The hypoglycemic effect and restorative function of brown adipose tissues under T1D conditions. The figure is a summary of the finding from the study by Kim et al. 9to confirm the hypoglycemic effect of FGF21 and also the restorative function of brown adipose tissue. A: FGF21 analogue (LY2405319, LY) did not increase insulin level that was significantly reduced in STZ-induced T1D mice. B.C: FGF21 levels in the blood and liver were not increased in STZ-treated mice after meals. D: LY treatment did not affect the decreased body-weight by STZ-induced T1D mice. E: LY treatment can significantly reduce blood glucose in STZ-induced T1D mice. F,G: LY treatment did not restore WAT (F) but significantly restored BAT (G) in T1D mice. The present figure is a combination of several parts of the original figures from the study by Kim et al.9 (here Figure A, B, C, D, and E form original Figure 1; Figure F form original Figure S1; Figure G form original Figure 2).

Int J Biol Sci Image (Click on the image to enlarge.)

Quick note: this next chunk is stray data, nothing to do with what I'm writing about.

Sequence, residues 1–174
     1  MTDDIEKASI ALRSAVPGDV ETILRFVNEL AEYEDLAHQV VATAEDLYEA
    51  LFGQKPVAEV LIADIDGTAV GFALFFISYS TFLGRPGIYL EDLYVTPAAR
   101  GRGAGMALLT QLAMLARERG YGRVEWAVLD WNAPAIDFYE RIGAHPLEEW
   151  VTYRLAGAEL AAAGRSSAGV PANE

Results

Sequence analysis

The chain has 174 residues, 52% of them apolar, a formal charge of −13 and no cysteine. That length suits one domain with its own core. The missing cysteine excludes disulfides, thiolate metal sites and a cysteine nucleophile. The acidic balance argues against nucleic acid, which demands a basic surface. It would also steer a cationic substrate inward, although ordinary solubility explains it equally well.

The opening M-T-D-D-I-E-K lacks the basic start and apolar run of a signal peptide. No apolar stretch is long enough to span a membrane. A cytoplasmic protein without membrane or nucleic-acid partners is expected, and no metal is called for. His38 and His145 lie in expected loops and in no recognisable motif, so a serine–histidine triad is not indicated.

However, such pre- and postprandial changes in FGF21 levels were found similarly in diabetic mice and patients [46, 47]. In one study, glucose tolerance tests were conducted in healthy people, patients with impaired glucose tolerance, and T2D patients. The results showed that in the first 60 minutes of the oral glucose tolerance test, the extent of the reduction in FGF21 in the patient groups was significantly lower than that in the healthy control group [46]. The fold changes in FGF21 concentrations were negatively correlated with insulin and C-peptide levels only in the healthy controls [46]. In T2D patients, the lack of a significant reduction in FGF21 levels in the first 60 minutes may be associated with impaired insulin secretion or impaired glucose tolerance [48]. Another investigation showed that the basal FGF21 levels in T1D patients were significantly lower than those in healthy controls [47]. After adjustments for age, gender, and body mass index (BMI), the healthy controls had a significant decrease in their postprandial FGF21 concentrations compared with that in T1D patients [47]. These results suggest that the physiological pattern of FGF21 secretion present in healthy individuals is lost in T1D patients. The concentration of FGF21 in T1D patients was not decreased after meals; the postprandial FGF21 concentration was equal to the baseline level [47].